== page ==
This article aims to provide readers with a comprehensive understanding of the Time of Flight (TOF) system, progressing from basic concepts to more advanced knowledge. The content includes an overview of TOF systems; detailed introductions to indirect TOF (iTOF) and direct TOF (dTOF), discussing system parameters, strengths and weaknesses, algorithms, etc.; and an exploration of various components within TOF systems, such as VCSELs, transmitting and receiving lenses, receiving sensors like CIS/APD/SPAD/SiPM, and driver circuits like ASIC.
TOF, short for Time of Flight, refers to the method of measuring distance by calculating the time light takes to travel a certain distance in a medium. Predominantly applied in optical TOF scenarios, its principle is relatively straightforward. As illustrated below, a light source emits a beam of light, marking the time of emission. This light reflects off a target and is captured by a receiver, noting the time of reception. The difference in these times, denoted as t, gives the distance
TOF finds applications in a myriad of fields. In consumer electronics, it's used for facial recognition, camera autofocus, proximity sensors, motion interaction, gesture recognition, AR, etc.; for robotics like vacuum robots and drones for obstacle avoidance, and for 3D scene scanning. In the industrial and security sectors, it supports automated robots, people counting, smart parking systems, intelligent transportation, smart warehousing, and dimension measurements. While LiDAR technology in smart driving is indeed a part of the TOF (Time of Flight) category, this particular series does not focus on it. However, if you're interested in exploring which LiDAR is mostly applied within the realm of TOF, please click here for more detailed insights.
To achieve the distance measurement as described, a typical TOF system comprises:
This includes a laser light source, primarily a VCSEL; a driver circuit ASIC to drive the laser; and optical components for beam control like collimating lenses or diffractive optical elements, and filters.
This encompasses lenses and filters at the receiving end; sensors such as CIS, SPAD, or SiPM depending on the TOF system; and an Image Signal Processor (ISP) for processing massive amounts of data from the receiver chip.
Stable current control for VCSELs, high voltage for SPADs, etc., all necessitate robust power management.
Including firmware, SDK, OS, and application layer.
The architecture demonstrates how a laser beam, originating from the VCSEL and modified by optical components, travels through space, reflects off an object, and returns to the receiver. Calculating the time lapse in this process reveals distance or depth information. It's noteworthy that this architecture doesn’t cover the noise paths, like sunlight-induced noise or multi-path noise from reflections, which we will discuss later.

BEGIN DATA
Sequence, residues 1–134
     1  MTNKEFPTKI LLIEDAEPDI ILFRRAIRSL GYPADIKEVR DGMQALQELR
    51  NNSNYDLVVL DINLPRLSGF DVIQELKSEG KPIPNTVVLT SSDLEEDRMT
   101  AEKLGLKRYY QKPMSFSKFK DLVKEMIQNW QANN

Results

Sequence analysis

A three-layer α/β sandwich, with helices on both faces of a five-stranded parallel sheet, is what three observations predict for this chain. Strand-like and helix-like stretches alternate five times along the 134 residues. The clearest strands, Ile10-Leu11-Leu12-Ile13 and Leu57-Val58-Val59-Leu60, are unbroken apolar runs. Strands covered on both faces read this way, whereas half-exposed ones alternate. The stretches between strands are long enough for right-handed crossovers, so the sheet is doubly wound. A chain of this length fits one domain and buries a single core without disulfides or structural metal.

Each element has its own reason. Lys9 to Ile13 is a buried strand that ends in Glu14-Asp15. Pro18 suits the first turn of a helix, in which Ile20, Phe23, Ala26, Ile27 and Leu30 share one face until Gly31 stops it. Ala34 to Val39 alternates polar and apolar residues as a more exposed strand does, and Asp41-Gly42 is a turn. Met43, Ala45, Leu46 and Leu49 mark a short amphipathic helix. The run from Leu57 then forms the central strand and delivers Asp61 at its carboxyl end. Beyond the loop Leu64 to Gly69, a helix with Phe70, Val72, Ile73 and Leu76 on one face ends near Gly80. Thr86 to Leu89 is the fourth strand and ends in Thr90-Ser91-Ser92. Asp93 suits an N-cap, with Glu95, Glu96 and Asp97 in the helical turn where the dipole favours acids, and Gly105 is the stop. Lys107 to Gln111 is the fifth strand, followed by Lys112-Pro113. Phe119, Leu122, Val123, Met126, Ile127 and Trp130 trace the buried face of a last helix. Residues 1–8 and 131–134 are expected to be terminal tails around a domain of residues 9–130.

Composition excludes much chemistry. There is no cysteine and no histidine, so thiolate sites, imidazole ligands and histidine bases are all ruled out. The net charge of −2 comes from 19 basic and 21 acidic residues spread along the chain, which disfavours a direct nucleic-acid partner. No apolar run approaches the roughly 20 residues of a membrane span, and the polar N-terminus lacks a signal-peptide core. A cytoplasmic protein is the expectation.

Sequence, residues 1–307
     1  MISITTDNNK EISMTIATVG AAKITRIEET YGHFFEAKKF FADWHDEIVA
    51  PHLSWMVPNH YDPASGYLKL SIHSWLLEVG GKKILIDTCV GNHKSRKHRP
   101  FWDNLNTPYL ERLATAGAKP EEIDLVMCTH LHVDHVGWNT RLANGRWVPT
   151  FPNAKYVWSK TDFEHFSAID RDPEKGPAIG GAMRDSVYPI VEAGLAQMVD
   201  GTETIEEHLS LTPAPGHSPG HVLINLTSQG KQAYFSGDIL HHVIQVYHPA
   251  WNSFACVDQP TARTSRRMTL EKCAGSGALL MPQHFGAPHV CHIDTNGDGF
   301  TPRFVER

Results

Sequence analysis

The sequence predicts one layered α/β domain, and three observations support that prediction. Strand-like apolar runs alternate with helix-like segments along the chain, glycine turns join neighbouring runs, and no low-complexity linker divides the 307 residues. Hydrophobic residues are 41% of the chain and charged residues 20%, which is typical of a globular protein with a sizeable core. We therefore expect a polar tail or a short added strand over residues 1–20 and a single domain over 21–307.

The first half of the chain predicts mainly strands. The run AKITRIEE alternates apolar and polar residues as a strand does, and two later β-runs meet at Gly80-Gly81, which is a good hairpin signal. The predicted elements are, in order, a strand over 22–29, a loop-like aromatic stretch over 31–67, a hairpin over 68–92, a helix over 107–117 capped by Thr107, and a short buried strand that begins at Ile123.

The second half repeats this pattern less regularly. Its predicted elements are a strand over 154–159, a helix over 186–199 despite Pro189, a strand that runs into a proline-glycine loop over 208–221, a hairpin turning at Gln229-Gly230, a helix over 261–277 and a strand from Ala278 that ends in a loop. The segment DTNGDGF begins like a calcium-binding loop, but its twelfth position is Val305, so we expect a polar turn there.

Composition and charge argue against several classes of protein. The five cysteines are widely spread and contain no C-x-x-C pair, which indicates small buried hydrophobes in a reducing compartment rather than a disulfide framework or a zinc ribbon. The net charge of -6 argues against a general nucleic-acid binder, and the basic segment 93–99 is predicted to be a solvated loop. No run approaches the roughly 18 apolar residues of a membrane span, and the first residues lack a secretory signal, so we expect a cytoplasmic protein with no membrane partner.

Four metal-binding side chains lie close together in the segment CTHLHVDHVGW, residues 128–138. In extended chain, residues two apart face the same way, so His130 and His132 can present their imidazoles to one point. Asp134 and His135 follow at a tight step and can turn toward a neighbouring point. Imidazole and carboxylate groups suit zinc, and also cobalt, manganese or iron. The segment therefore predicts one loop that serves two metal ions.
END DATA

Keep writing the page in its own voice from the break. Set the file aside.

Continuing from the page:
TOF systems are primarily categorized by their distance measurement techniques: direct TOF (dTOF) and indirect TOF (iTOF), each with distinct hardware and algorithmic approaches. We'll initially outline their principles before delving into a comparative analysis of their advantages, challenges, and system parameters.
Despite TOF's seemingly simple principle — emitting a light pulse and detecting its return to calculate distance — the complexity lies in differentiating the returning light from ambient light. This challenge is addressed by emitting sufficiently bright light to achieve a high signal-to-noise ratio and selecting appropriate wavelengths to minimize environmental light interference. Another approach involves encoding the emitted light to make it distinguishable upon return, akin to SOS signals with a flashlight.
Direct TOF directly measures the photon's flight time. Its key component, the Single Photon Avalanche Diode (SPAD), is sensitive enough to detect single photons. dTOF employs Time Correlated Single Photon Counting (TCSPC) to measure the time of photon arrivals, constructing a histogram to deduce the most likely distance based on the highest frequency of a particular time difference.
Indirect TOF calculates flight time based on the phase difference between emitted and received waveforms, commonly using continuous wave or pulse modulation signals. iTOF can use standard image sensor architectures, measuring light intensity over time.
iTOF is further subdivided into continuous wave modulation (CW-iTOF) and pulse modulation (Pulsed-iTOF). CW-iTOF measures the phase shift between emitted and received sinusoidal waves, while Pulsed-iTOF calculates phase shift using square wave signals.
Both dTOF and iTOF have their unique advantages and limitations. A detailed comparison from a system parameter perspective will follow in later sections.
TOF systems can also be categorized based on the complexity of information they provide: 1D TOF, 2D TOF, and 3D TOF. 1D TOF represents simple single-point distance measurement, 2D TOF, commonly seen in vacuum robots, scans a line to map distances in a room's lower space, and 3D TOF combines a 2D sensor array with imaging lenses to produce three-dimensional spatial information.
This series will further explore these aspects, providing a deeper dive into TOF technologies and their applications.
Wikipedia. (n.d.). Time of flight. Retrieved from https://en.wikipedia.org/wiki/Time_of_flight
Sony Semiconductor Solutions Group. (n.d.). ToF (Time of Flight) | Common Technology of Image Sensors. Retrieved from https://www.sony-semicon.com/en/technologies/tof
Microsoft. (2021, February 4). Intro to Microsoft Time Of Flight (ToF) - Azure Depth Platform. Retrieved from https://devblogs.microsoft.com/azure-depth-platform/intro-to-microsoft-time-of-flight-tof
ESCATEC. (2023, March 2). Time of Flight (TOF) Sensors: An In-Depth Overview and Applications. Retrieved from https://www.escatec.com/news/time-of-flight-tof-sensors-an-in-depth-overview-and-applications
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